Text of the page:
Should YouTube Influencers Be Promoting Gambling To Kids
s many of you know, Jake Paul, RiceGum and many other large YouTube channels were recently involved in the promotion of a crate gambling website called Mystery Brand. This obviously, isn’t the first time someone has promoted a site like that, but it raises cause for concern as Jake has stated his videos are made for kids. Recent videos by Jake Paul and RiceGum where they promote a mystery box site made me question their ethics.
On a surface level, the recent mystery box trend that permeates many YouTube channels seems harmless. But at a deeper level, mystery boxes pose a risk to impressionable kids and anyone with a gambling addiction.
The Jake Paul And RiceGum Controversy
Jake Paul and RiceGum have massive followings on YouTube at about 17.6 million and 10.8 million subscribers respectively. Their followers are predominantly impressionable kids who are easily influenced by their on-screen antics. The majority of Jake Paul’s and RiceGum’s videos are entertaining, funny and harmless. But things took a turn for the worst when both influencers promoted MysteryBrand.net to their young viewers.
What makes this so unethical is that the MysteryBrand.net site utilizes a gambling gimmick to dispense sought after items. Users pay a flat fee, and then they can choose a box depicting the product that it possibly holds. Of course, they’re unlikely to ‘open’ a box that features the product depicted or one equal to its monetary value. The YouTube channel, H3H3, covered this matter and eloquently pinpointed everything wrong with Jake Paul’s and RiceGum’s videos.
What YouTube Needs To Do
Mystery Brand reached out to me about using a few clients of mine, and we turned down their offer. I believe that was the right decision as shielding younger audiences from harmful content and websites is important. But we shouldn’t bear the burden of protecting kids from questionable content, and YouTube should take greater responsibility.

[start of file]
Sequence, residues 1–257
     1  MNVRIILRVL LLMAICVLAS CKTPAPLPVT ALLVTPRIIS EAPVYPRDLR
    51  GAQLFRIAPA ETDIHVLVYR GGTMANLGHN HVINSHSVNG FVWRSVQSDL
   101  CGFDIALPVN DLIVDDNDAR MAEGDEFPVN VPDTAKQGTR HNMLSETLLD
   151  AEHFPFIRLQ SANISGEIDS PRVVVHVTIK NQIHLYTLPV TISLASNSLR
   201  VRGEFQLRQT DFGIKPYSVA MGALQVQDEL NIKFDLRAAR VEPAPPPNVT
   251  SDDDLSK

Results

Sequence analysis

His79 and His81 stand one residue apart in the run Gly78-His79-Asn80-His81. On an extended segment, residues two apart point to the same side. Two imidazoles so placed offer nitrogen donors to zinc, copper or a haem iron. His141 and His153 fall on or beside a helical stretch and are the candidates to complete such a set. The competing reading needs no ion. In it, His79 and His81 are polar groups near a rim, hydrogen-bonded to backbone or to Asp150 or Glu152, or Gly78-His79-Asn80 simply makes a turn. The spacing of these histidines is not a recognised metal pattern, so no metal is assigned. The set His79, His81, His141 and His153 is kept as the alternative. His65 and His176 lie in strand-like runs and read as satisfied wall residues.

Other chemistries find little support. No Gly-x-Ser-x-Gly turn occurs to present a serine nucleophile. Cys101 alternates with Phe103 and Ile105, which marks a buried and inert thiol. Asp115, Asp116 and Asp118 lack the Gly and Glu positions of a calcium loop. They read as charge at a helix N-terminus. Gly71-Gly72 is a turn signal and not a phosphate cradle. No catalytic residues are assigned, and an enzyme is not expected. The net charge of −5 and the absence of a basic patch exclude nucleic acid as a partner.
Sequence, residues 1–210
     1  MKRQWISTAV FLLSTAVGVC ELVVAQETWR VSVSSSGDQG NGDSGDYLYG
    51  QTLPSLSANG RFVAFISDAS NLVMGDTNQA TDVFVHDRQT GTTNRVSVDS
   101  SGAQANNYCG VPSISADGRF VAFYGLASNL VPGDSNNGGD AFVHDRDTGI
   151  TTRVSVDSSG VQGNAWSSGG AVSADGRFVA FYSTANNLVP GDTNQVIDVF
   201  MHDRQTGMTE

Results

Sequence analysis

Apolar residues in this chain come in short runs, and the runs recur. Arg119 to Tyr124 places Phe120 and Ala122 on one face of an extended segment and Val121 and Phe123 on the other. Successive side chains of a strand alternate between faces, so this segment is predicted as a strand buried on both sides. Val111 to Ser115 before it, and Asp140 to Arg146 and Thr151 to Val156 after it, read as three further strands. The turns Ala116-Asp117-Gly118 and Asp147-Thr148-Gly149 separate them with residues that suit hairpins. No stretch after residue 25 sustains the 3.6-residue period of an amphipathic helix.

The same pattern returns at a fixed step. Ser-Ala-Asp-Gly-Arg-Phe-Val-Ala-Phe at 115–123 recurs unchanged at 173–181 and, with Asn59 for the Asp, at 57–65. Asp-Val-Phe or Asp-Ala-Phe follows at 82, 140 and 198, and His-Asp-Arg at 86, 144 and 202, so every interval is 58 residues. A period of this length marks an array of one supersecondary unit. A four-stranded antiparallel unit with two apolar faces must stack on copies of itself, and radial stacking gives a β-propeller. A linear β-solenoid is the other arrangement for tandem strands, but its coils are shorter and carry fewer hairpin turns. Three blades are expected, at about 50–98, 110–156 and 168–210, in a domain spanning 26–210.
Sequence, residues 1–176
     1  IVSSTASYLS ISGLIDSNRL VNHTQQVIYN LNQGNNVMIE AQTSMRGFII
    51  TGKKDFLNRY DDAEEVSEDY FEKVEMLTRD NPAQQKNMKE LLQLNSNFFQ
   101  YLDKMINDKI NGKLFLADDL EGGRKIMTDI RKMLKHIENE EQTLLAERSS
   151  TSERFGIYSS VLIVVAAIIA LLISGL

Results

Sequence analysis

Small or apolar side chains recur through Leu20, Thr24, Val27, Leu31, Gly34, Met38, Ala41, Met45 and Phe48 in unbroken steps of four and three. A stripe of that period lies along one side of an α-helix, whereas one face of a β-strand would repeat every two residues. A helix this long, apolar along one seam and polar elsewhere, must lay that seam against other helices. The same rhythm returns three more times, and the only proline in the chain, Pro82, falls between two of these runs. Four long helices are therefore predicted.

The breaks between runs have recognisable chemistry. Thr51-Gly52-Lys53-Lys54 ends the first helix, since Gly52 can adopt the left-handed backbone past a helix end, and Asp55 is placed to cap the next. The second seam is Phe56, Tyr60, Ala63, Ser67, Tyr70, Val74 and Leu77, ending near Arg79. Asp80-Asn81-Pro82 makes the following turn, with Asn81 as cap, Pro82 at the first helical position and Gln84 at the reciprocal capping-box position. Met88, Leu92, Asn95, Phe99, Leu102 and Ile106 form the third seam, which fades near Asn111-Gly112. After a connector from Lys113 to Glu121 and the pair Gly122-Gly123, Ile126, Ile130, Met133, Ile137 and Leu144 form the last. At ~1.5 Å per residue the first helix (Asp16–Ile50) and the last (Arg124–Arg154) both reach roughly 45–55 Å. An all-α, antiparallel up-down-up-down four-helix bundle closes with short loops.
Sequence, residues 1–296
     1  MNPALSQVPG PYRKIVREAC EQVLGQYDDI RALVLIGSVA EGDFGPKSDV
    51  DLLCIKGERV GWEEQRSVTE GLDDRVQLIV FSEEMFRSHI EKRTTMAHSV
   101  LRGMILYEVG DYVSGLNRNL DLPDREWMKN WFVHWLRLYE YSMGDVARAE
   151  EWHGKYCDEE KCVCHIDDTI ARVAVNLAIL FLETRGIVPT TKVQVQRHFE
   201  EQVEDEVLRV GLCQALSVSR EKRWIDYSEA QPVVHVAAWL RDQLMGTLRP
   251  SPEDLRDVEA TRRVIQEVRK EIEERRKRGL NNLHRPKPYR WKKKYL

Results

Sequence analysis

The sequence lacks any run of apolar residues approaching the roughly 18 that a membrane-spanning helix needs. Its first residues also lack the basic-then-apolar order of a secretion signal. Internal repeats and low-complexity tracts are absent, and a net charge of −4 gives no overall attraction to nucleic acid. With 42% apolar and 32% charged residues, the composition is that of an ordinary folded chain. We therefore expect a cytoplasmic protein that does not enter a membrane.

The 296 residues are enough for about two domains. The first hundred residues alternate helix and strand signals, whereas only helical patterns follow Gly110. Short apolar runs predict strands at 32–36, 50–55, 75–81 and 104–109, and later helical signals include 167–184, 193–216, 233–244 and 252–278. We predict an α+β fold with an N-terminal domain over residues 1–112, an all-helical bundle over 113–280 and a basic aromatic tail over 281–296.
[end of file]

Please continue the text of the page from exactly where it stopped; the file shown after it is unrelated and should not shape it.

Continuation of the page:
YouTube should require content creators to implement an age restriction policy, especially when they’re promoting anything gambling related. If violated content creators should receive a strike for violating the platform’s Community Guidelines, which would be a fitting punishment for Jake Paul’s and RiceGum’s recent controversial videos.
Nickelodeon’s Gambling Ads
But harmful content aimed at kids isn’t available only online. The popular children’s television network, Nickelodeon has found itself in hot water for breaching advertising content rules in Ireland. After monitoring ads on 12 channels during 2015 and 2016, the Broadcast Authority of Ireland (BAI) identified 28 breaches of the Children’s Communications Code broadcast from Nickelodeon. Six of these breaches were for betting services that promote gambling.
BAI’s advertising content rules require that TV ads promoting products and services to children under six deliver the message orally of any on-screen print. Applying this rule helps younger audiences understand the messaging of these ads. While this is a partial solution, is it really ethical for networks such as Nickelodeon to advertise gambling to kids in the first place?
During 2018, Belgium and the Netherlands declared loot boxes as gambling and made them illegal in their respective territories. In Singapore, vending machines containing mystery boxes have been banned by law enforcement officials. Given that a growing number of countries are cracking down on gambling gimmicks, it’s time for brands to reconsider the ethical and legal ramifications of what they promote.
The Bottom Line Whether, you’re a brand, content creator, or influencer it’s important not to be beholden by the latest trends especially if these are ethically questionable. Loot and mystery boxes have gained traction in gaming and online culture, but they also promote gambling to the young and impressionable. Two popular YouTubers tarnished their reputations by promoting gambling, and countries are cracking down on loot boxes that will affect gaming companies.